There is further danger in reading between lines - especially when the lines do not exist. All that can be said for certain is that the first Foreword to what is now All the World's Aircraft is notable in that it does not pay homage to the Wright Brothers for initiating the age of aeroplane flight. Perhaps more from a position of knowledge than ignorance, Jane appears to have considered them to be no more than equal to many others in their contribution. Wright is, simply, one of the companies whose more recent aircraft are described in the first edition; Whitehead (for reasons shortly to be given) is not.

Today, it seems impossible that a vast cache of documentary evidence, such as those newspaper reports, can be overlooked by the world at large. True, there are small museums to Whitehead in both his homeland and adopted homeland (and gratitude is expressed to Flughistorische Forschungsgemeinschaft Gustav Weisskopf at Leutershausen for copyright photographs used here) but it is too easy to dismiss them as municipal monuments to a local boy. The reasons for the vanished recognition are several. The first is that critical examination of the Wrights' legacy is deflected by a non-sequitur of elephantine proportions: That because they were the most successful of the early aeroplane pioneers, they must have been 'the first to fly'.

Secondly, as was only disclosed much later, under sanction of a Freedom of Information request by Senator Lowell Weicker Jr, the Smithsonian Institute in Washington - undisputed repository of American aviation history - secured possession of the precious Wright Flyer No. 1 from surviving brother Orville only after agreeing in a legally-binding document that "the Smithsonian shall [not state] any aircraft...earlier than the Wright aeroplane of 1903...was capable of carrying a man under its own power in controlled flight". History is normally written by researchers who have dispassionately analysed all relevant data and not, as here, by the lawyers of interested parties. (Strictly, the document is also nonsense, since the wording contrives to prohibit the Smithsonian from mentioning numerous prior dirigible airships - which are 'aircraft' too.)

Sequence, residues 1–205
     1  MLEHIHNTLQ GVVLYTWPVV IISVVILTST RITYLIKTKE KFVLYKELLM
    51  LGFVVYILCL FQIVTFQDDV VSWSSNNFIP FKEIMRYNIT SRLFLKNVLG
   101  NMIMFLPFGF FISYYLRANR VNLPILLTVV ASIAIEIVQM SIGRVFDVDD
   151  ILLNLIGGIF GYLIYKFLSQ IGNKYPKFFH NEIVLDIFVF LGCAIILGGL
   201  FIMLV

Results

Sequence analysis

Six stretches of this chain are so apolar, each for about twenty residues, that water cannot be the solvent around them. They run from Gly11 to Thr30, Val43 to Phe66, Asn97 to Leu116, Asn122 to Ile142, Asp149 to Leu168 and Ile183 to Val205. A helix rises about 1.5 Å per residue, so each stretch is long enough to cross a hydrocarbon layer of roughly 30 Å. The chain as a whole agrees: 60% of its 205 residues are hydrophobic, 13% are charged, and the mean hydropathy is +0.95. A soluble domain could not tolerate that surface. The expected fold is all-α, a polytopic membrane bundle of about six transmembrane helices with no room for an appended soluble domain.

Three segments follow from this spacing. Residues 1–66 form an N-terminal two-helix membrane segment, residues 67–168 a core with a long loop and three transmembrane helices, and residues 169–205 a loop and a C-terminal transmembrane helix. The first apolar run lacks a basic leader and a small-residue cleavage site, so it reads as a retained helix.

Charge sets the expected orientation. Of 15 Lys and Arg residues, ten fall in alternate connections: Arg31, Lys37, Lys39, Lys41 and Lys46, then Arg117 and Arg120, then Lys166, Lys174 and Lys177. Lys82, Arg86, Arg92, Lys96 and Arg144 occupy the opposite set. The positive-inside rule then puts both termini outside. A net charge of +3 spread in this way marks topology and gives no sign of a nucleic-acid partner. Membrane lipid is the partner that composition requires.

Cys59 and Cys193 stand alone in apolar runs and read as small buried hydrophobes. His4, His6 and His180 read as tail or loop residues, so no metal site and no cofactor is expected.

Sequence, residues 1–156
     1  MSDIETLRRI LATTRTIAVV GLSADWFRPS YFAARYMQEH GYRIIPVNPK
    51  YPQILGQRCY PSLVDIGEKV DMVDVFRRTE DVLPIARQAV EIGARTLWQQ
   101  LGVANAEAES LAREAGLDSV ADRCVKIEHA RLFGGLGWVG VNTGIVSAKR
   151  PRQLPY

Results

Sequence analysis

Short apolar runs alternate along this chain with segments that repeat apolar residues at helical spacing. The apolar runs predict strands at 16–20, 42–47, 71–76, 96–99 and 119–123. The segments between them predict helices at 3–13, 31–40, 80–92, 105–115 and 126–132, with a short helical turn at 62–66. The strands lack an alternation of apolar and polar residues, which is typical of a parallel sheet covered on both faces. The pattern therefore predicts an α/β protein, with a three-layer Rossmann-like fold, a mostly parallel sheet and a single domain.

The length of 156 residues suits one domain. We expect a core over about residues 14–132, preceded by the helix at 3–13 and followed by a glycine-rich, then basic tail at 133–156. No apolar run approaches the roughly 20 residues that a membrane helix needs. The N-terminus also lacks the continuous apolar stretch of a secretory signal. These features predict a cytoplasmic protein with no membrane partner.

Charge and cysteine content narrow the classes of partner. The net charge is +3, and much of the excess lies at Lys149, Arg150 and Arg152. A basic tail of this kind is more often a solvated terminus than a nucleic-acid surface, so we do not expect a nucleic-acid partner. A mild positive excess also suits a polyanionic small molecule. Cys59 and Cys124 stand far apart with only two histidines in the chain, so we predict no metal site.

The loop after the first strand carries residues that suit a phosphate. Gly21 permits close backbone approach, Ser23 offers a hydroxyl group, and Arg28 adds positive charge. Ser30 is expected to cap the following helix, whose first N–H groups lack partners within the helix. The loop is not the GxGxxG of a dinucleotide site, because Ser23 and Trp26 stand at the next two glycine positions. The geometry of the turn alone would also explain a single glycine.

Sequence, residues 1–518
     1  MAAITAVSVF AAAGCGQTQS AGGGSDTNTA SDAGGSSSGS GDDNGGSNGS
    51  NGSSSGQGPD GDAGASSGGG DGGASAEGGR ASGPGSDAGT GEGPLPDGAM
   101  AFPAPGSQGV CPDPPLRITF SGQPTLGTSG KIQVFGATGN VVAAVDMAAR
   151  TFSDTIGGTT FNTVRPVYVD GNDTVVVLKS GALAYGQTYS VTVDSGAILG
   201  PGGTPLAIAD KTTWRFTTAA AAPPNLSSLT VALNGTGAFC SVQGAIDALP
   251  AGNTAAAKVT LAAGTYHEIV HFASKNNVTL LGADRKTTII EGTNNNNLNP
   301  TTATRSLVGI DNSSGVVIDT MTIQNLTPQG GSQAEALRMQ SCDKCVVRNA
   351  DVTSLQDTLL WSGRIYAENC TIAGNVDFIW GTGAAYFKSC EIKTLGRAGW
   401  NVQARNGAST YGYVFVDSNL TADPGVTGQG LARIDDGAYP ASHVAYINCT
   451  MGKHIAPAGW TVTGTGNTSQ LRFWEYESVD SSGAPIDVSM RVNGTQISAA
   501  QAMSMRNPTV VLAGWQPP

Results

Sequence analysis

Thirdly, when selecting a partner to commercialise his invention, Whitehead exhibited catastrophic misjudgement....three times over. After two false starts, his third investor proved to be the serial convicted criminal (and, subsequently, lunatic asylum patient) Herman Linde who, early in 1902, attempted to appropriate the venture and had Whitehead locked out of the factory containing his production line of between four and six aeroplanes. To recover solvency, Whitehead turned all attentions to his other great skill: the manufacture of light and powerful engines, which became much in demand by a growing number of aspiring aviators. It is as such that he has been remembered.

The fourth and final reason is hypothetical, in that it was overtaken by events described above. However, it would have proved critical had Whitehead's business progressed for a few more years. Inspired by Otto Lilienthal, for whom he had worked before leaving Germany, Whitehead designed his aircraft with a bird-shaped wing structure of a single, stretched surface with stiffening ribs, which would now be described as similar to the Rogallo employed by hang-gliders and trikes. It worked - and still does, as proved by two latter-day replicas - but it is not a structure on which commercial and military aviation can be built. At some stage, Whitehead would have been forced into radical redesign to retain the initiative, which the Wrights already had.